Archives

  • 2018-07
  • 2019-04
  • 2019-05
  • 2019-06
  • 2019-07
  • 2019-08
  • 2019-09
  • 2019-10
  • 2019-11
  • 2019-12
  • 2020-01
  • 2020-02
  • 2020-03
  • 2020-04
  • 2020-05
  • 2020-06
  • 2020-07
  • 2020-08
  • The idea of boron based pro estrogens

    2019-11-29

    The idea of boron-based pro-estrogens has been utilized before; in previous studies, the selective estrogen receptor modulators (SERMs) tamoxifen and endoxifen have been masked as boronate esters.13, 14, 15 Tamoxifen and endoxifen both target ERα as therapies for breast cancer. The previous work focused mostly on the cellular consequences of these boronate ester SERMs observing similar or enhanced effects to the unmodified anti-estrogens in breast cancer cells. They were able to observe the presence of the SERMs after incubation of the boronate esters with MCF7 or T47D cells, presumably due to increased levels of ROS.13, 15 In addition, they showed increased bioavailability and drug accumulation at tumor sites within mouse xenograft models. Due to the successes of tamoxifen and endoxifen boronate esters, we set out to mask alternative estrogens. In particular, we focused on the potent and selective ERβ agonist diarylpropionitrile (DPN, Fig. 1a).16, 17 ERβ selective ligands, such as DPN, have shown significant promise in exhibiting neuroprotective effects in a number of neurological diseases.18, 19, 20, 21, 22, 23, 24 In addition, molecules that activate ERβ repress transcription of proinflammatory genes; specifically, DPN has been shown to be effective in a model of inflammation following lung injury. Due to the increased levels of ROS and pathological oxidative stress within neurodegenerative disorders and inflammatory diseases, we hypothesize that appending a boronate ester to the ERβ ligand will allow for consumption H2O2 and simultaneous release of the active ligand achieving dual results. In addition, the masking of the active phenol would allow for selective release of the estrogen in the presence of H2O2, providing site-selective modulation of ER. Herein, we report the synthesis of boronic GSK2606414 pinacol ester pro-estrogens of endogenous estrogens and the ERβ-selective agonist DPN. The boronate esters have decreased affinity for both ERα and ERβ and are converted into the active phenol in the presence of H2O2 in vitro and in cells.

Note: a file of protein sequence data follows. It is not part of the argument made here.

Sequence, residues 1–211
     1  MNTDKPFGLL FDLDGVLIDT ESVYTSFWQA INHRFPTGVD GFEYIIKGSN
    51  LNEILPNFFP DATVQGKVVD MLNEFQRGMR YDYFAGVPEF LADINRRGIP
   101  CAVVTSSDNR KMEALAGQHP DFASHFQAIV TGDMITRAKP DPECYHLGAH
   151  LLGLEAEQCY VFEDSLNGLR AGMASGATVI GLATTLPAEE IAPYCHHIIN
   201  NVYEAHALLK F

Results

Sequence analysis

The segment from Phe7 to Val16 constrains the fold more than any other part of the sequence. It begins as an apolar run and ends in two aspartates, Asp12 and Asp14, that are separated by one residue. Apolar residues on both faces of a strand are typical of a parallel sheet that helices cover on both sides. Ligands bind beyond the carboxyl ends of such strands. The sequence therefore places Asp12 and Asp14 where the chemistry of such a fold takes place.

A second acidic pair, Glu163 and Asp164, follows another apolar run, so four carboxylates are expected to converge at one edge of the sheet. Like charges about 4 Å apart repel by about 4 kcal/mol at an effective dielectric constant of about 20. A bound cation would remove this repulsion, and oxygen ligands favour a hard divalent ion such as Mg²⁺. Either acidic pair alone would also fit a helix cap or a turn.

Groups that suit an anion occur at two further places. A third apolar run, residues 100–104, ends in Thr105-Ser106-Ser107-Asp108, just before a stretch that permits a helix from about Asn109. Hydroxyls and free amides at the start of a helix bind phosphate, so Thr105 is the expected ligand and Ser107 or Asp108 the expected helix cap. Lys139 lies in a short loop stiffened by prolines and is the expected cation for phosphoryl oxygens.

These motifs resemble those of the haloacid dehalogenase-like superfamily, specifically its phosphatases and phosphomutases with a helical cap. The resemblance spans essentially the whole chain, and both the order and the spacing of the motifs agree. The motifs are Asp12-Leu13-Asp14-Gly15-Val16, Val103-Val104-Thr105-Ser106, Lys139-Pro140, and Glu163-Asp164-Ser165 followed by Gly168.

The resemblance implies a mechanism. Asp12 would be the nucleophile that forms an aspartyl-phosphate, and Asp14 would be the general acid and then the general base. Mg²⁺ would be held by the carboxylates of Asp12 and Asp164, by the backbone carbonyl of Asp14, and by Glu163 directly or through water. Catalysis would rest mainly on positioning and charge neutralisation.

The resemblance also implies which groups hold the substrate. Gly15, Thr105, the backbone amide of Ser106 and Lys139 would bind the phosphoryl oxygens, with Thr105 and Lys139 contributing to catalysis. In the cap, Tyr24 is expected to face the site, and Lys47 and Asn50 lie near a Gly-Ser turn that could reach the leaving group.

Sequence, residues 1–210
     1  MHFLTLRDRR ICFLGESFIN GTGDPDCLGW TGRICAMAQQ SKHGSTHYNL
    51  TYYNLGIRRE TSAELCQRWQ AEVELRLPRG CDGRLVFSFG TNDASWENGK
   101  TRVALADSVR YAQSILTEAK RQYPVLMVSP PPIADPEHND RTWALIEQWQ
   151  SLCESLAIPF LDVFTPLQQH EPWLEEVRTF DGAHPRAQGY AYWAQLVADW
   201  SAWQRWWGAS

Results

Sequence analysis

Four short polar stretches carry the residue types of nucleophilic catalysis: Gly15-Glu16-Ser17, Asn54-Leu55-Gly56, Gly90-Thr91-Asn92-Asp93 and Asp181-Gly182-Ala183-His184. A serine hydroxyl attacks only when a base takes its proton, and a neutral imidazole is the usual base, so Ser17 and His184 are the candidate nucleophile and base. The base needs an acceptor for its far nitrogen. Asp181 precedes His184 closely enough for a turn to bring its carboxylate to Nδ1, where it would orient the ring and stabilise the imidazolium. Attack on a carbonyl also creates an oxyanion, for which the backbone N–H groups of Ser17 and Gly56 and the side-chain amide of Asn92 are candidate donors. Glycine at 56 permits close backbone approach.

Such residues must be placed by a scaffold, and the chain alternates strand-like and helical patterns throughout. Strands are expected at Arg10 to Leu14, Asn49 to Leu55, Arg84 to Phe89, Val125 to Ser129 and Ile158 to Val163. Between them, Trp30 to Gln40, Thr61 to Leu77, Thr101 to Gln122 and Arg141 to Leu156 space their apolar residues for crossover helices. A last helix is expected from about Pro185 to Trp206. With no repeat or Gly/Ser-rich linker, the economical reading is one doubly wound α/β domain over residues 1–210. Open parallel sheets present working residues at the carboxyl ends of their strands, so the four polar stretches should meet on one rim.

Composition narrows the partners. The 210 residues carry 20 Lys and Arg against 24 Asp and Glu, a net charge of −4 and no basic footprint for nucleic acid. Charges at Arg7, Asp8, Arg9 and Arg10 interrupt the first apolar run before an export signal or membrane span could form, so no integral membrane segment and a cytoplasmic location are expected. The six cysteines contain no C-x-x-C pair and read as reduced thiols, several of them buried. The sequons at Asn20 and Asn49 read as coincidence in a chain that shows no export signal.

Results and discussion
    Conclusions In summary, we have prepared several steroidal and non-steroidal boronate esters as pro-estrogens for the estrogen receptors. They are converted rapidly and completely to the phenolic estrogens when reacted with H2O2. In addition, the presence of the boronic acid pinacol ester decreases the binding affinity for both ERα and ERβ by 3–20 fold depending on the ligand. The ERβ-selective ligand DPN was masked as three different boronate esters 6a-6c, which have similar functionality and reactivity in vitro. The integration of a ROS reactive group into a functional estrogen has implications in a variety of neurodegenerative and inflammatory diseases. The pro-estrogens 6a-6c could have dual effects in absorbing H2O2 and releasing an ERβ-selective ligand with therapeutic potential. In particular, pro-estrogen 6c, that masks both phenolic rings, exhibits increased selectivity for H2O2, and diminishes the binding affinity for the receptors most significantly. In addition, the ERβ agonist activity is masked by the boronate esters of 6c in a cellular environment; however, when H2O2 is at a pathological level, the agonist activity is restored. This work expands upon previous studies with boronate ester linked SERMs in breast cancer contexts illustrating together that the installation of a boronate ester is a promising pro-drug strategy for ER modulation. Due to the complexity of ER signaling, context specific estrogens (e.g. SERMs and subtype-selective ligands) are constantly being developed. The release of an active ER ligand in the presence of H2O2 provides an alternative approach to developing context specific estrogens or anti-estrogens.
    Experimental
    Acknowledgments
    Introduction Rupture of an intracranial aneurysm remains one of the most devastating neurosurgical vascular diseases. Although many epidemiologic factors and modifiable risk factors have been implicated in the progression of disease,2, 3, 4, 5, 6, 7, 8, 9, 10, 11, 12 the development of aneurysms has largely been associated with genetic predisposition.13, 14 There has been significant effort toward the investigation of genetic loci for the formation of intracranial aneurysms, and prior studies have identified a number of differentially expressed genes in aneurysm tissue.15, 16, 17